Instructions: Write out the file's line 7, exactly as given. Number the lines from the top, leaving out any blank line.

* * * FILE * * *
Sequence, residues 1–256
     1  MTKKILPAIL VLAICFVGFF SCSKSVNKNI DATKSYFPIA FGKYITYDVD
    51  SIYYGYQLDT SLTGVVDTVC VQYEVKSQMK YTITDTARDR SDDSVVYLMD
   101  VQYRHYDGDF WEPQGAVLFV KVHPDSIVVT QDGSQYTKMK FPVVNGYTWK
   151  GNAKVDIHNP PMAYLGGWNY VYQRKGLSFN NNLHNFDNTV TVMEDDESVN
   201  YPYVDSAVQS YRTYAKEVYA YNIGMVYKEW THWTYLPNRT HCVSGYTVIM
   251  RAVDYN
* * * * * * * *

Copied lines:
   251  RAVDYN